Workplace mental health communication strategies
The message, the messenger,
and the delivery
The first step to improving employee mental health is getting leaders to talk about it: “What leaders say and do makes up to a 70% difference,”
in whether employees feel supported.
Although 68% percent of employees believe that companies should support mental health, many are still largely uncomfortable talking about
their mental health at work, according to a Mind Share Partners’ survey. This is a big problem for businesses that want to retain top talent and
boost productivity. The CDC estimates that employers lose between $17 and $44 billion each year in missed workdays due to common mental
health issues like depression.
When building a workplace well-being program, communications can be just as critical as the resources offered. Consider the below
communication strategies to help increase well-being program awareness, consideration, and utilization.
1 The Message
Reduce stigma and encourage openness
Employees are often reluctant to talk about mental health concerns because of stigma, which can be societal, self-directed, or institutional.
It prevents many from seeking mental health treatment for a variety of reasons—they feel ashamed and fear the disapproval of others, or
maybe they’re concerned they may lose professional opportunities. Open, non-judgmental conversations can change perceptions about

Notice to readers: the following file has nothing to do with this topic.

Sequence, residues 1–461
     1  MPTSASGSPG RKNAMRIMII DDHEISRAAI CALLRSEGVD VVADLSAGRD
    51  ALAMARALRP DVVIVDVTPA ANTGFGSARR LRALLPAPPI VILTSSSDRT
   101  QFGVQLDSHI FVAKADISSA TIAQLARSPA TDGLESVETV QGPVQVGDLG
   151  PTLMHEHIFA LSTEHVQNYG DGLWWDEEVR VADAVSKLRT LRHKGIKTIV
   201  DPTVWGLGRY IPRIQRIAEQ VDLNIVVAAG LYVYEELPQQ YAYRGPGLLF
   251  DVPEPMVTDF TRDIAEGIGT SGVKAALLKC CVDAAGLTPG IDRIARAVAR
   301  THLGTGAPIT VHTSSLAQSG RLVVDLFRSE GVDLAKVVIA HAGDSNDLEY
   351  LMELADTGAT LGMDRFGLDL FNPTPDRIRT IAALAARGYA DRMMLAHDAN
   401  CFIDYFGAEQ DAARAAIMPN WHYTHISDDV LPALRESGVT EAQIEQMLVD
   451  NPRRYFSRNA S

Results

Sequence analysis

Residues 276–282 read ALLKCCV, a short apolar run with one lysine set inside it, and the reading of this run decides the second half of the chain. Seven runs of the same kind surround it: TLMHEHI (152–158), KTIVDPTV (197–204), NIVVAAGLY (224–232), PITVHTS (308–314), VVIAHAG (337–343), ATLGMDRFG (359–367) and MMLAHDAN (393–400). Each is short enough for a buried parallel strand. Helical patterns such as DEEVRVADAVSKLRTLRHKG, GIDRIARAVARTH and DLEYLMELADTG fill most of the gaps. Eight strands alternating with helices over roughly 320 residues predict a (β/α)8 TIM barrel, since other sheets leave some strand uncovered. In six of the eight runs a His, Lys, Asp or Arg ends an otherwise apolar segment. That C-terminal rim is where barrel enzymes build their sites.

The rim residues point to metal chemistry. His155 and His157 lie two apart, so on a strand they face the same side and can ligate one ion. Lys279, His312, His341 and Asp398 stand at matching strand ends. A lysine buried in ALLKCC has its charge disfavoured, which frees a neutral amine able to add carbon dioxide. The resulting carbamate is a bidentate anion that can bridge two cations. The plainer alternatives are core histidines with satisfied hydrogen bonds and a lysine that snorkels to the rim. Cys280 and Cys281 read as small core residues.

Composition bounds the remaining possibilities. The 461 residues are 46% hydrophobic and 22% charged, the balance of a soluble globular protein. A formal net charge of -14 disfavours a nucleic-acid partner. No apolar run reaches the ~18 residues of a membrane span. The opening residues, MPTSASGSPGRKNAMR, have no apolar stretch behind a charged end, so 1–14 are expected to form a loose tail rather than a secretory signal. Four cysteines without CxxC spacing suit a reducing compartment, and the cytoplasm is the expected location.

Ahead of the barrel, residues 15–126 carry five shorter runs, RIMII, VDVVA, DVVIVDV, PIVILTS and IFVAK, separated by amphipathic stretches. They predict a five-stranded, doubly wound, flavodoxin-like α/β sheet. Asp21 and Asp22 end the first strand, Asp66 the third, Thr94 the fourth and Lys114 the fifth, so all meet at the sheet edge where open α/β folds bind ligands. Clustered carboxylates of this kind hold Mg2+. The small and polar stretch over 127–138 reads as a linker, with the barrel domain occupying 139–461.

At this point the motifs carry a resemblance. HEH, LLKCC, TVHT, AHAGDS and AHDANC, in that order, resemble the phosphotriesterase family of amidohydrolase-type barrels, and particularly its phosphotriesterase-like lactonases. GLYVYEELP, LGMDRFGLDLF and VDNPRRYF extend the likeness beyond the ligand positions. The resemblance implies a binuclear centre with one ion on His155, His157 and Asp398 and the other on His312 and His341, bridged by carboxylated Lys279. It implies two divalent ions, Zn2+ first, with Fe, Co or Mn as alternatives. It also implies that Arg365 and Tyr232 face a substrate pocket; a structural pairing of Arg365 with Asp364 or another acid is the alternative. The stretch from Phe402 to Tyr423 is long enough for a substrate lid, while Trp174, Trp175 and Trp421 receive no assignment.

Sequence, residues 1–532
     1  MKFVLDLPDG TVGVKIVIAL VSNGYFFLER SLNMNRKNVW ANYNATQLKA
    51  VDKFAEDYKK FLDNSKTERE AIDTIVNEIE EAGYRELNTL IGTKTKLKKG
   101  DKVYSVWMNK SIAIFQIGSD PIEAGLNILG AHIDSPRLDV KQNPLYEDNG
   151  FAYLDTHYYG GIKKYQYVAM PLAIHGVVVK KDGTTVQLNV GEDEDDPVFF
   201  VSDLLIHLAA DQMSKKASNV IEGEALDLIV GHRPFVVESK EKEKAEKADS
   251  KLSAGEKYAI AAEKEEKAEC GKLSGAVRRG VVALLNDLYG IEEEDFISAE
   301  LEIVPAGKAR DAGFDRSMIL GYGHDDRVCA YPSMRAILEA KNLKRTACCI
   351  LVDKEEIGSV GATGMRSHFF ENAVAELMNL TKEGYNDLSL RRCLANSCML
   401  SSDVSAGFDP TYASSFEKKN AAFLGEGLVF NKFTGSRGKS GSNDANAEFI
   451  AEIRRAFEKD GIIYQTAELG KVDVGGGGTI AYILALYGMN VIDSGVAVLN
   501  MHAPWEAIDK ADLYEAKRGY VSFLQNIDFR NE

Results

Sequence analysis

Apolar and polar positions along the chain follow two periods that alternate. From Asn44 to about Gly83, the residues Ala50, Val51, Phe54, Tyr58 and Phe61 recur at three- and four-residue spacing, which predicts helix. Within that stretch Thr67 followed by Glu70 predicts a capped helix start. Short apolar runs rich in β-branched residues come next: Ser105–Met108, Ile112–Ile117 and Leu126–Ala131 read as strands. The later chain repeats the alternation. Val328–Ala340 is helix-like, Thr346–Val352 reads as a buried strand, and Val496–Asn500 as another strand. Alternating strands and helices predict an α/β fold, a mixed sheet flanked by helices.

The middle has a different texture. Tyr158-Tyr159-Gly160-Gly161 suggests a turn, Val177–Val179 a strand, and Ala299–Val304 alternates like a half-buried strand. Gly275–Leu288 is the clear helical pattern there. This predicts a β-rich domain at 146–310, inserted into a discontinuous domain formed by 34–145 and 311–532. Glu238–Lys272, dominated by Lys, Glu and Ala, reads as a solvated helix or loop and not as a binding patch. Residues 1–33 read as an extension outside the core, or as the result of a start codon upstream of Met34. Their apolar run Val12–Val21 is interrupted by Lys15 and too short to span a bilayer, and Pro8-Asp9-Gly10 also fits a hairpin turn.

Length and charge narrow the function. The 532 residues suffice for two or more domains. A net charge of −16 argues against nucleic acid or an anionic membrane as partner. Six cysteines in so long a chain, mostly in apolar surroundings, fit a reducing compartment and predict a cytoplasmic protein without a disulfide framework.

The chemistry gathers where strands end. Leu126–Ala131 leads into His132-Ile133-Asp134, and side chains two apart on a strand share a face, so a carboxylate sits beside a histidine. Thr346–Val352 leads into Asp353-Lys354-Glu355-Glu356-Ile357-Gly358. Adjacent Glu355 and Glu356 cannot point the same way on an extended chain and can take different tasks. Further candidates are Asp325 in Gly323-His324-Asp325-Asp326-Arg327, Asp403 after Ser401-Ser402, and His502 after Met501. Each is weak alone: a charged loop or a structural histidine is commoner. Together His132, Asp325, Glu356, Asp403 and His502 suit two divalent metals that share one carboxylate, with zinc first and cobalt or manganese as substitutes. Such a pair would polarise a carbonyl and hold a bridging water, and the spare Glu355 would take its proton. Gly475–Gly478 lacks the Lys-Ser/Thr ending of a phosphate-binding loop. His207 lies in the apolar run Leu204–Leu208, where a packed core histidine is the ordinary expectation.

mental health. HBR notes that education, social connection, and peer support are the best methods for decreasing stigma.
Make the message
When having discussions,
acknowledge that mental health can
represent a range of experiences,
from situational challenges to
Emphasizing one kind of experience
over another can alienate those who
have different backgrounds and
attitudes around their issues. Some
employees might recognize their
mental illness as a disability, while
others may be dealing with
temporary stresses. To ensure no
employee is left behind, reach out to
employee resource group leaders for
ideas and feedback.
Acknowledge the real world
Conversations should acknowledge
how events outside the workplace,
like Covid-19, are impacting
Amplify the message
A global tech company aimed to
normalize workplace mental
health discussions by launching a
new wellness program, including
Talkspace counseling & therapy
services as a resource. The
initiative’s central message, “It’s
okay not to be okay,” featured a
series of training sessions about
psychological safety and
resiliency. The ongoing wellness
campaign has inspired employees
to take action. More than half of
those who registered for
Talkspace through this employer
were first-time support seekers.
A poll conducted by the Kaiser
Family Foundation found that 45% of
U.S. adults felt the pandemic was
harming their mental health.
Businesses need to make space for
grief and uncertainty even as the
vaccine rollout continues. The
potential upside for mental health
and culture initiatives is high.
Deloitte found that businesses that
pursue organization-wide culture and
awareness initiatives around mental
health can see a 6:1 ROI.